RWU Law honors 86 graduates in a ceremony keynoted by U.S. Secretary of Labor Thomas Perez; also recognizing noted jurists and founding dean.

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By Dean Michael J. Yelnosky
  As spring is finally springing and commencement is behind us, we (Tiffany Healey and Nicole Dyszlewski) wanted to take a stroll down memory lane and check in with some of the members of last...

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RWU Law Celebrates Commencement 2016

RWU Law honors 86 graduates in a ceremony keynoted by U.S. Secretary of Labor Thomas Perez; also recognizing noted jurists and founding dean.

U.S. Secretary of Labor Thomas Perez addresses the RWU Law Class of 2016

BRISTOL, R.I., May 13, 2016 – A cool, partly sunny day on Mt. Hope Bay provided the perfect backdrop as United States Secretary of Labor Thomas E. Perez delivered a rousing address to the 86 graduates of the Class of 2016 during Commencement exercises here Friday.

Perez, former attorney general for civil rights at the U.S. Department of Justice and director of the Office of Civil Rights at the U.S. Department of Health and Human Services, has pioneered efforts to create a living wage for workers and protect workers’ retirement savings. He has been mentioned as a possible vice-presidential candidate if Hillary Clinton is the Democratic presidential nominee.

Secretary of Labor Thomas Perez addresses RWU Law's Class of 2016 in Bristol, R.I.“Civil rights remain the unfinished business of America,” Secretary Perez told the assembled graduates, noting that a law degree confers the “tools” needed for “the most important journey that lawyers are a part of – the unending, timeless journey to form a more perfect union.”

“You have a remarkable opportunity here to make sure you are relevant in dealing with the defining issues of our time,” he added. “For too many, opportunity remains elusive, and you can be part of the expansion of that opportunity” – advocating for the less fortunate “with the fierce urgency of now.”

During Commencement, the School of Law also presented honorary degrees to the Honorable Haiganush R. Bedrosian, retired Chief Justice of the Rhode Island Family Court and first woman to serve in that role; and the Honorable Michael A. Silverstein, Associate Justice of the Rhode Island Superior Court and member of the Commission on Judicial Tenure and Discipline.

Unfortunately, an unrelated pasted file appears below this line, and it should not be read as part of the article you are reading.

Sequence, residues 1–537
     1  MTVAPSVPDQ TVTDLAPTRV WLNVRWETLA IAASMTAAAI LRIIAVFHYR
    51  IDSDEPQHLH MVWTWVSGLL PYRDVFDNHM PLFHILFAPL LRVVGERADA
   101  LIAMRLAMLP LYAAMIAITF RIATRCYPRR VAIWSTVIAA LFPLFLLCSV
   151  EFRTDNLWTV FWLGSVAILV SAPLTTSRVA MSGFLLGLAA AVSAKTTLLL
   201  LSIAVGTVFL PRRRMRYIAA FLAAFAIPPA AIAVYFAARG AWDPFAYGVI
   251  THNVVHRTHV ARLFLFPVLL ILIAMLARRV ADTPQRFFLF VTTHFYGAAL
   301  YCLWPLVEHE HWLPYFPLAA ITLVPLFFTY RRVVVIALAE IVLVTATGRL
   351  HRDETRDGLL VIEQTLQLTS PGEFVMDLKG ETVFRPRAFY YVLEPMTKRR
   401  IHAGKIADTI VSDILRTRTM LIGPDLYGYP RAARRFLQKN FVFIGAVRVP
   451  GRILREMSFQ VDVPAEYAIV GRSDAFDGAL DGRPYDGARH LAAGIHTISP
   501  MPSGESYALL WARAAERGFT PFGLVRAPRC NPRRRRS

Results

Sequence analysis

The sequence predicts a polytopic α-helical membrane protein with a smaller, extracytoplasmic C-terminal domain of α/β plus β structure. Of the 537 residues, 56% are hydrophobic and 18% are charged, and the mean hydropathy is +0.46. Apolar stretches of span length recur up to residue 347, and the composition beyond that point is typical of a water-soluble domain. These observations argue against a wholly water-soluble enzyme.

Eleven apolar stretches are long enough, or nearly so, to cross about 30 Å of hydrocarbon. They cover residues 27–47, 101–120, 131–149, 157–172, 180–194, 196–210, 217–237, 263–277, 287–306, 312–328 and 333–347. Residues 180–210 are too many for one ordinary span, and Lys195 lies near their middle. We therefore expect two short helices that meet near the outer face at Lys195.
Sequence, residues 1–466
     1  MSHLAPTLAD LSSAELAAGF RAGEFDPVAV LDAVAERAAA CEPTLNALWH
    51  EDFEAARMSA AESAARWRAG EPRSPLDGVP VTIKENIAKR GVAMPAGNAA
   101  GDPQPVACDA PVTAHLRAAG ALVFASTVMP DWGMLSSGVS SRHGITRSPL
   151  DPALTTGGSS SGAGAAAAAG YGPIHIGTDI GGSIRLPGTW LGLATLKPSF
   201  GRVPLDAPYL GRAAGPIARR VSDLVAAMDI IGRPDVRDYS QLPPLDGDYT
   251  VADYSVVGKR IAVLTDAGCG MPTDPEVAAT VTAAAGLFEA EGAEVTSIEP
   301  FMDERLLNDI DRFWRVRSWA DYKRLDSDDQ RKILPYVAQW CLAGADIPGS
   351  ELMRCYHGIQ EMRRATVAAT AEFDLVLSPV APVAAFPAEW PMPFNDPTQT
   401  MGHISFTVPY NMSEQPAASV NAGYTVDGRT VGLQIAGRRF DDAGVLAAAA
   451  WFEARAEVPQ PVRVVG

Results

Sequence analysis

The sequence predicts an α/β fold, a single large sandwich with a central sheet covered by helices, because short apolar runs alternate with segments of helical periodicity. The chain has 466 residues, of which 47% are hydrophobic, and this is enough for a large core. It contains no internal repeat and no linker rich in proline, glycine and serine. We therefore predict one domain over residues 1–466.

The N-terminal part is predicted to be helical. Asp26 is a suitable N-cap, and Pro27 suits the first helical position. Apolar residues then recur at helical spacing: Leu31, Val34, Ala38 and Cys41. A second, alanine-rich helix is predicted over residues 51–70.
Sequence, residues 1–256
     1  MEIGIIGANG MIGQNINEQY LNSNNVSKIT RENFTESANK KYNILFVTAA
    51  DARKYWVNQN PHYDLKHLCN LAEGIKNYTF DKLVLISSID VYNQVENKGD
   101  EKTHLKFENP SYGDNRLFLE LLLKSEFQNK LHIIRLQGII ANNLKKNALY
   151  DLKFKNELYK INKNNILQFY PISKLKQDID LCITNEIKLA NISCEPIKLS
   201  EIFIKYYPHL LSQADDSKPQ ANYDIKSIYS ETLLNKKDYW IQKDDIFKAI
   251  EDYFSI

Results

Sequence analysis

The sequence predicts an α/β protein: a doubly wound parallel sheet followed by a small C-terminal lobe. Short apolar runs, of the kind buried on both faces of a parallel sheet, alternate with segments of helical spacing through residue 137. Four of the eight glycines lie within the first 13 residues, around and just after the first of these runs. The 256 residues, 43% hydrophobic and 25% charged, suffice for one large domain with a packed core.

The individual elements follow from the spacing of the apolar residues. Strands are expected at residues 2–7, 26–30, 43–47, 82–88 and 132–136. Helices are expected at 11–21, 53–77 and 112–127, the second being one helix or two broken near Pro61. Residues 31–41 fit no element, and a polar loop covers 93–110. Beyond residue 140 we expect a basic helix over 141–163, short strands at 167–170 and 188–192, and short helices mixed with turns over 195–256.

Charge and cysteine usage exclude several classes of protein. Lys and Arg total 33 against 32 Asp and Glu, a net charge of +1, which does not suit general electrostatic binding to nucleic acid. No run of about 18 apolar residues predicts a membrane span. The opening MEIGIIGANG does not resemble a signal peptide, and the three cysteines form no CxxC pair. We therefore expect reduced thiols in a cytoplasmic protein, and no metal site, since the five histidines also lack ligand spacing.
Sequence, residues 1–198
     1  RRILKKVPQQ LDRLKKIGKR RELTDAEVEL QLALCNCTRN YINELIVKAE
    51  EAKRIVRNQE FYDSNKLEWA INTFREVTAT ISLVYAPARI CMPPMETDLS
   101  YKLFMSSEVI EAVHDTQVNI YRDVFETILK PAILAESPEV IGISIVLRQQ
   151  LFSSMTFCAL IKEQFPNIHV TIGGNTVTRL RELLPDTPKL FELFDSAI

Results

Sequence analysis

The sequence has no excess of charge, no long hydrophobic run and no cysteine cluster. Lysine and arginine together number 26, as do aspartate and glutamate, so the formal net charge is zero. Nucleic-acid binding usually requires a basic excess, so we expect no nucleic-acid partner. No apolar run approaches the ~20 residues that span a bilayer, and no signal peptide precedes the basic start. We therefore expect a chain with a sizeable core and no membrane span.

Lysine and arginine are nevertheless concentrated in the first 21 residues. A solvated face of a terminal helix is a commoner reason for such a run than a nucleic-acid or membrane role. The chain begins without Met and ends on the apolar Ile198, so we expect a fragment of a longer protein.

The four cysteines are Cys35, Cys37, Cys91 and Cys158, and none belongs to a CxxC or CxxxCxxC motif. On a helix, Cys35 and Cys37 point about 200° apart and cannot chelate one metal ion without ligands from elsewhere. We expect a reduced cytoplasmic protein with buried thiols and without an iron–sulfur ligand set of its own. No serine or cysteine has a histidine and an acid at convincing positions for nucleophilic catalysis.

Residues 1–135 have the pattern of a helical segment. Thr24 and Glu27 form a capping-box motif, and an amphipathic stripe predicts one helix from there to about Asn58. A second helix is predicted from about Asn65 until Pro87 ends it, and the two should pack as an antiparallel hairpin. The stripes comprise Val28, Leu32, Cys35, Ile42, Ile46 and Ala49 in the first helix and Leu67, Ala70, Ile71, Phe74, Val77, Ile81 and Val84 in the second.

An honorary degree was presented to RWU Professor of Law Anthony J. Santoro as well. The founding dean of Roger Williams University School of Law (and several other law schools prior) and a former President of Roger Williams University, he was recognized for his “foundational” role in establishing RWU Law, and received an emotional standing ovation.

Dean Michael Yelnosky and U.S. Secretary of Labor Thomas Perez are joined by members of the Class of 2016.Chosen by the graduating class, Professor John Chung was honored as Best Full-Time Professor, and David Coombs, Chief Justice Weisberger Visiting Professor of Law, as Best Adjunct Professor. For this year's Best Staff Member award, the class selected Clinical Programs’ Legal Administrator and Paralegal Margie Caranci.

Dean Michael J. Yelnosky paid warm tribute to Michael P. McNulty, a member of the Class of 2016 who passed away unexpectedly last August, and whose family attended Commencement. “I think I can say, without fear of contradiction, that Mike McNulty was the happiest law student ever,” Dean Yelnosky said in describing the good-natured and well-liked Pennsylvania native, to the appreciative laughter of his classmates.

Judah H. Rome (second from left in photo above), in delivering his valedictory address, said he had expected law school to be “cut-throat and competitive, and maybe it is on other campuses”; but that he had been “taken aback by the overwhelming sense of community at our school, and especially among our class. We came together and moved through the last three years as one.”